by Brenda Kalt
Brenda Kalt’s fiction has previously appeared in Daily Science Fiction, Bull Spec, and Flash Fiction online, among other places. She lives in central North Carolina with her husband and two cats.
“Jeena, this isn’t a video game. Humanity’s not going to win this one.” Sean stood in front of his sagging couch with two pills on his palm. “Apophis is going to hit. I’m giving us an out.”
“It might not,” Jeena said. “There’s still a chance. You can swallow the pill if you want to; I’ll take whatever happens tonight.” She looked around the microscopic apartment with its oversized video screen. “But first I want to go somewhere and have champagne. Expensive champagne.”
“Jeena, I want us to be together.”
She shook her head. “Sean, I love you. But I’m not going to die just because you say it’s a good idea.” She hesitated for a moment. “Good-bye.” Jeena stepped out of the apartment and took the elevator to ground level. She felt empty. In the street, most businesses had CLOSED signs on their doors, and traffic was almost nonexistent. In the distance a gunshot sounded.
Starting already. Jeena took buses aimlessly for hours, until a driver said, “All out. I’m going home.” When she looked around she realized that she was in midtown, with the wind blowing trash along the deserted streets between the stone and glass buildings. A few minutes later she stopped at the Reiser building, in front of an ad for the Roof 66 Café. She pondered for a second. From the terrace she could view the sky show and have her drink. Drinks. An explosion a block away rattled trash cans and confirmed her thought. She pushed the lobby door open, went past the empty guard station, and punched “Roof 66” in the elevator.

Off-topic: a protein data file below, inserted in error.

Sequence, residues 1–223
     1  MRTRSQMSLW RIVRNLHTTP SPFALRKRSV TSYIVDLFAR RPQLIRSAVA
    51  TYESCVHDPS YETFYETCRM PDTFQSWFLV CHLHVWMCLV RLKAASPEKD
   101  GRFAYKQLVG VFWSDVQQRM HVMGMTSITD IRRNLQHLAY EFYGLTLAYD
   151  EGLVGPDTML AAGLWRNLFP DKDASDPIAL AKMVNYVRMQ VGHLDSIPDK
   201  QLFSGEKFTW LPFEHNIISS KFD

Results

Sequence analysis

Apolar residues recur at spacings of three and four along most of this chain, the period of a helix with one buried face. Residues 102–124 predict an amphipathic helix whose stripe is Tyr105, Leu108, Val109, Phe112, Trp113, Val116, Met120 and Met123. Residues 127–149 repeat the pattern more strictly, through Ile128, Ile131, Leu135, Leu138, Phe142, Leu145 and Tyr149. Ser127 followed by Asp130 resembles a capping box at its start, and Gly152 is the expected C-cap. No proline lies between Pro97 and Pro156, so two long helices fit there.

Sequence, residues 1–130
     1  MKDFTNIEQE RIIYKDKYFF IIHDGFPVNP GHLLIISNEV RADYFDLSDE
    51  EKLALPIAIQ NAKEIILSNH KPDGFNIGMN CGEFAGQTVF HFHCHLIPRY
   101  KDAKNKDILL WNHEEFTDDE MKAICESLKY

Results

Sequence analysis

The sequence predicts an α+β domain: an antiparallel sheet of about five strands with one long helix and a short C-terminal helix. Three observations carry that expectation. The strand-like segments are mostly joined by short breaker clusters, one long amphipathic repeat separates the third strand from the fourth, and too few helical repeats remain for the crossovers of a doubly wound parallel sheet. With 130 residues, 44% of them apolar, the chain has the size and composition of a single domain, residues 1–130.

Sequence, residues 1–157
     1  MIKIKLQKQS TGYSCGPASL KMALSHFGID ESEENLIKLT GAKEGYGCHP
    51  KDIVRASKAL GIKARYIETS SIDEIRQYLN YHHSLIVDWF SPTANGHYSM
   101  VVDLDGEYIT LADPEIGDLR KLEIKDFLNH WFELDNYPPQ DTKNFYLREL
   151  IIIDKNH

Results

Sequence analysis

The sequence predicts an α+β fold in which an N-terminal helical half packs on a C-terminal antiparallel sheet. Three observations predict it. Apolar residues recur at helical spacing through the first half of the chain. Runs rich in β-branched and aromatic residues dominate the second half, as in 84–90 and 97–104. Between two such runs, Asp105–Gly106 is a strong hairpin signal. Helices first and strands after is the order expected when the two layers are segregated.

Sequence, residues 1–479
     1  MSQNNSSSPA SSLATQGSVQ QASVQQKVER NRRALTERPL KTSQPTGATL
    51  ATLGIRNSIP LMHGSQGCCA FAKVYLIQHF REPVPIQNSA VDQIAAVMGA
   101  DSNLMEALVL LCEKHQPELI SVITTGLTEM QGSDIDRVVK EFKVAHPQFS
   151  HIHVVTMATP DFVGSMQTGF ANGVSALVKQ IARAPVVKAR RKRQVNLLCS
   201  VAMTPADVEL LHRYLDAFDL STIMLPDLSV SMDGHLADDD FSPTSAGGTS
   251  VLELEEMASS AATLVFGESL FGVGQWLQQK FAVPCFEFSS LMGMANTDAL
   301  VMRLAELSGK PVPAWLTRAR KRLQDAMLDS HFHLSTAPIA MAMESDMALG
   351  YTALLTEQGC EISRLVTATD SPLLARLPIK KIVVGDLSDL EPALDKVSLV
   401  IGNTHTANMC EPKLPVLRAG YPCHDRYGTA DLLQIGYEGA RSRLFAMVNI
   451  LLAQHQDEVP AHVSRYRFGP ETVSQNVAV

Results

The café was dark, and the doors were locked. “Well, shit.”
Even the rich were hunkering down. Jeena glared at the doors. Couldn’t the last hours of her life have a little fun in them?
Jeena scuffed back into the elevator and studied the buttons. She didn’t want to leave the building—the explosion cautioned her against that. With or without champagne, she was going to spend the night in the Reiser building.
With a sigh, she pressed the button marked Tower. If the top-floor offices were abandoned, maybe there would be a window she could look out.
A minute later Jeena stepped into a glass-walled lobby. A sign carved into a stone pedestal said The Reiser Corporation. New York, Tokyo, Dubai. Party noises came from the rear of the suite, and she followed the sound to a doorway.
“Come in, babe. We’re having an asteroid party,” a man said.
Jeena looked at him. Handsome, with hair graying a little at the temples. “What do you do at an asteroid party?”
“Eat, drink, and be merry.” He winked. “Watch the world disintegrate. No headache in the morning, no waking up on the floor. I bought out the inventory of the Roof 66,” he added. “Come in.”
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